Aged just 17, Roya Shams cannot leave home in the Afghan city of Kandahar because she fears the Taliban will kill her. “If I do, they will shoot me,” she said. “I’m a problem for them.”
Young, educated and speaking good English, Roya is one of thousands of women across Afghanistan who still lives in terror of the militant Islamists, 10 years after the start of the U.S.-led war on October 7, 2001.
Women’s rights have undoubtedly improved in Afghanistan since the Taliban were ousted. Under them, girls’ schools had been closed, and women banned from working outside the home and forced to wear the burqa.
But the Taliban still intimidate women, as Roya’s story shows. Her family started receiving threats saying she should not study or go to work teaching English after the Taliban killed her policeman father in July.
“My family is saying ‘Look what they did to your father, they will do it to you.’ But actually, I am happy to lose myself for my country,” she told AFP by telephone.
Some female politicians argue that former mujahedeen warlords who now form part of President Hamid Karzai’s government are just as bad as the Taliban when it comes to women’s rights.
Malalai Joya, a former lawmaker kicked out of parliament in 2007 for denouncing warlords and now a political activist, called them “wolves in the skin of lambs.”
Joya, 33, travels with armed guards and said she moves between safe houses in Kabul because she fears for her life after five assassination attempts.
The international presence in Afghanistan “pushed us from the frying pan into the fire because they replaced the terrorist, fundamentalist, misogynist Taliban with warlords who are mentally the same as the Taliban,” she said.
Restoring rights for women was touted as a major aim of the U.S.-led invasion 10 years ago.
Hillary Clinton, then a U.S. senator but now secretary of state, wrote in Time magazine in November 2001 that the Taliban’s mistreatment of women “was like an early warning signal of the kind of terrorism that culminated in the attacks of September 11.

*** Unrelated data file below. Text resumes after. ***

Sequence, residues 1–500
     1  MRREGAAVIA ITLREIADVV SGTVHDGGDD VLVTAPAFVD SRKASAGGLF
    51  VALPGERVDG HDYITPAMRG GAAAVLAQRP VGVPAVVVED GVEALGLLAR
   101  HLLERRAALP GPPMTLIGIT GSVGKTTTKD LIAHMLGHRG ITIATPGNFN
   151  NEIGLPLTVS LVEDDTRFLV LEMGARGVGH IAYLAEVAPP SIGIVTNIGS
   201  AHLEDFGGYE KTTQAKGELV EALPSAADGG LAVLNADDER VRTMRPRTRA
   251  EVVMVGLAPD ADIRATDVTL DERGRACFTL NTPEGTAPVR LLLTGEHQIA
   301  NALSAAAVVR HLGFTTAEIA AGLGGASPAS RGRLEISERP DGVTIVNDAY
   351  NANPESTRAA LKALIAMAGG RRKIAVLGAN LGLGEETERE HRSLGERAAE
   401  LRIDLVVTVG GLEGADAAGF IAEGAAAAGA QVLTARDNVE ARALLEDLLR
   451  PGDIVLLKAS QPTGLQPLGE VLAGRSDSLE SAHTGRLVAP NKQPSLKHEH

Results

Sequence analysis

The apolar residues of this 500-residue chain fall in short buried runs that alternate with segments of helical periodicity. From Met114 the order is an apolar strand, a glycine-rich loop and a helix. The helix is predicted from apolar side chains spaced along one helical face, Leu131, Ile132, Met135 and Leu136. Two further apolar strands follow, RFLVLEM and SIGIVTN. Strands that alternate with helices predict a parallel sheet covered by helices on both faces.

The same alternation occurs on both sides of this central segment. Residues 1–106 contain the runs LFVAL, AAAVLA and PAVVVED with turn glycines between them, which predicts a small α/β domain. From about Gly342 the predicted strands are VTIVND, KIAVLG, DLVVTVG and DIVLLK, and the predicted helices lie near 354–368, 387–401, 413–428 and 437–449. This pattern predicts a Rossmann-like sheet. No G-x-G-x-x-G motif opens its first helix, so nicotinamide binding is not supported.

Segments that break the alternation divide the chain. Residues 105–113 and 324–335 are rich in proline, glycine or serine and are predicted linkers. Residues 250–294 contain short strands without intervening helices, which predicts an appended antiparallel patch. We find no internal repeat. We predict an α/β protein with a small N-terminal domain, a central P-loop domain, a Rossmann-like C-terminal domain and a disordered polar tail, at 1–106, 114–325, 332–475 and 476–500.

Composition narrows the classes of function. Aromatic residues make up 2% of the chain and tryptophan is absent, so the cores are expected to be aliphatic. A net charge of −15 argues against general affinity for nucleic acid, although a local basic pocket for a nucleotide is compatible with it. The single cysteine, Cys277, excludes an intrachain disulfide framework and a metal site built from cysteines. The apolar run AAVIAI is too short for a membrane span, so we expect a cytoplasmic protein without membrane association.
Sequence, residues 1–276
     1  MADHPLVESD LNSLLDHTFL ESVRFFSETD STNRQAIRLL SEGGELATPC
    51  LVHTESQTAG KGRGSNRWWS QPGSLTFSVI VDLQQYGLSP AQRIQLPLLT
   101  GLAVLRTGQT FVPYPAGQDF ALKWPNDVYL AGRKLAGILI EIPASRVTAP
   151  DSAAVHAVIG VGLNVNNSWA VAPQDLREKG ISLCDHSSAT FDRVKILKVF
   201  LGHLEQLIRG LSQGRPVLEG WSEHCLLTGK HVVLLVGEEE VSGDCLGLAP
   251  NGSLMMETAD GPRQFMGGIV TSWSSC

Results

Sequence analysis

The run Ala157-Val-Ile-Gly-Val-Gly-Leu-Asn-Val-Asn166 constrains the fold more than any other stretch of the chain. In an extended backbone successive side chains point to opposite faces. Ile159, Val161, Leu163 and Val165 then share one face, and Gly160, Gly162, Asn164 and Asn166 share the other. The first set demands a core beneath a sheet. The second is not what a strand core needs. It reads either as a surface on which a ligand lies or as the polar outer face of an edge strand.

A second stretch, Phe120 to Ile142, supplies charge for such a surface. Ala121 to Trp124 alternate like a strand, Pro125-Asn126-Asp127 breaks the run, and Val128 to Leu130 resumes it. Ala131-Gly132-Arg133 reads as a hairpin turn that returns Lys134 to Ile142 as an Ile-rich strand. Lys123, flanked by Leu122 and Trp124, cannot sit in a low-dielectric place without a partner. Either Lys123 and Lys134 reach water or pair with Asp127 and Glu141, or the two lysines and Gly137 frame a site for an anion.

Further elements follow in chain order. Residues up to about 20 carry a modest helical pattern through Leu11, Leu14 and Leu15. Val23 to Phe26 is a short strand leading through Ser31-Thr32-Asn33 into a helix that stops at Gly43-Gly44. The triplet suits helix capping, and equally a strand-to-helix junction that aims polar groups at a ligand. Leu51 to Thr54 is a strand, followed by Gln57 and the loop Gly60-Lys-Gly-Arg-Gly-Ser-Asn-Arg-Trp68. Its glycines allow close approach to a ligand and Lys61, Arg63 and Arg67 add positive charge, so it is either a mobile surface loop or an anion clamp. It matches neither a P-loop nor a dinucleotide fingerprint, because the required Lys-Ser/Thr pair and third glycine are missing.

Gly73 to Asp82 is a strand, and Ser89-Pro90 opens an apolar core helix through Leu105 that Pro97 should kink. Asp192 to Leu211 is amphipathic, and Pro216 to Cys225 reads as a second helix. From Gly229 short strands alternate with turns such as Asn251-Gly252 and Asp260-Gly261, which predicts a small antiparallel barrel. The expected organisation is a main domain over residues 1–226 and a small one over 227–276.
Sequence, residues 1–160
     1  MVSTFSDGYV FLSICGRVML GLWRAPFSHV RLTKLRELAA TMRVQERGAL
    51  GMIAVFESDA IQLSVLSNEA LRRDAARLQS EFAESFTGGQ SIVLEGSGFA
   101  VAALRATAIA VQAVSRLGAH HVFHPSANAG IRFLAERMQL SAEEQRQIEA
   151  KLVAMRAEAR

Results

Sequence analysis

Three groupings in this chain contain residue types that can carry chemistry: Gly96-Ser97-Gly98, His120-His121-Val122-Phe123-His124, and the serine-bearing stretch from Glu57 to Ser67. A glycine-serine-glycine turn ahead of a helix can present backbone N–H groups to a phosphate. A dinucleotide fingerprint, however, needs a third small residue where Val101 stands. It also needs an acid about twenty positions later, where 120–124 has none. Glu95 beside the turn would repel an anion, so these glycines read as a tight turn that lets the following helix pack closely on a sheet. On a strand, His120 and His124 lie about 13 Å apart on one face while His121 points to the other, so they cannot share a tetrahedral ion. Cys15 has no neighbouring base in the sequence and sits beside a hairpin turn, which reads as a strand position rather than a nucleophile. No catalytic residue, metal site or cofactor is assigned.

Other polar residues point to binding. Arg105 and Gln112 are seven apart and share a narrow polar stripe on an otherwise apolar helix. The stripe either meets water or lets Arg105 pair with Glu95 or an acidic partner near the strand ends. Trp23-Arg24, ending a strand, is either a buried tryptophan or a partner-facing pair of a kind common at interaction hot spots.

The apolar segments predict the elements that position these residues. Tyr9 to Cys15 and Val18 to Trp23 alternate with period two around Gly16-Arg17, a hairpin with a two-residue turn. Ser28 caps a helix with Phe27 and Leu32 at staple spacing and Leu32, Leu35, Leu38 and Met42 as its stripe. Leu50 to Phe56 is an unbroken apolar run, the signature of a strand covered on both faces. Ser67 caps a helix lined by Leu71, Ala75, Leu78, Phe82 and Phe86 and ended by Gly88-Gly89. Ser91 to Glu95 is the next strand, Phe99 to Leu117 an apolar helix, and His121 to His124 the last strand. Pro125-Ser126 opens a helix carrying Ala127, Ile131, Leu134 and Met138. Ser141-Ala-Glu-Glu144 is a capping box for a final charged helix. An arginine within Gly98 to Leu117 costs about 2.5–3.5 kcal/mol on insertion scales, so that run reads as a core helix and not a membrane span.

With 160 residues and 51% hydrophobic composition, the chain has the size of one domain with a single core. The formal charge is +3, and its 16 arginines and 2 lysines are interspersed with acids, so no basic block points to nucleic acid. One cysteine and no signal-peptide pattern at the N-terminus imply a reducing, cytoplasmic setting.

“Similarly, the proper treatment of women in post-Taliban Afghanistan can be a harbinger of a more peaceful, prosperous and democratic future,” Clinton added.
There have been clear gains in the last 10 years, experts say, particularly in education for women.
British charity Oxfam says there are now 2.7 million girls in school in Afghanistan compared to only a few thousand who received religious education under the Taliban.
Girls walking to school and smartly-dressed women going to work are a common sight on the streets of Kabul, although the picture is often different in rural areas, where illiteracy is widespread and the Taliban can be stronger.
Another study from ActionAid found that 72 percent of Afghan women believe their lives are better now than they were 10 years ago.
But practices such as child marriage, honor killings, giving away girls to settle disputes and self-immolation by women are still widespread in Afghanistan, according to a U.N. report last December.
ActionAid also found that 86 percent of women worry about a possible return to Taliban-style government.
The future of efforts to talk peace with the Taliban looks highly uncertain after last month's assassination of Karzai’s peace envoy Burhanuddin Rabbani.
Many women are, though, deeply concerned what will happen if the Taliban return to power when Western combat forces leave the country after 2014.
“We have made incredible gains in the last 10 years. Women are working as doctors, lawyers and businesswomen and girls are at school,” said Orzala Ashraf Nemat, co-author of Oxfam’s report.
“But what is life going to be like for us in the next 10 years? Already life is getting tougher for Afghan women. Afghan women want peace − not a stitch-up deal that will confine us to our homes again.”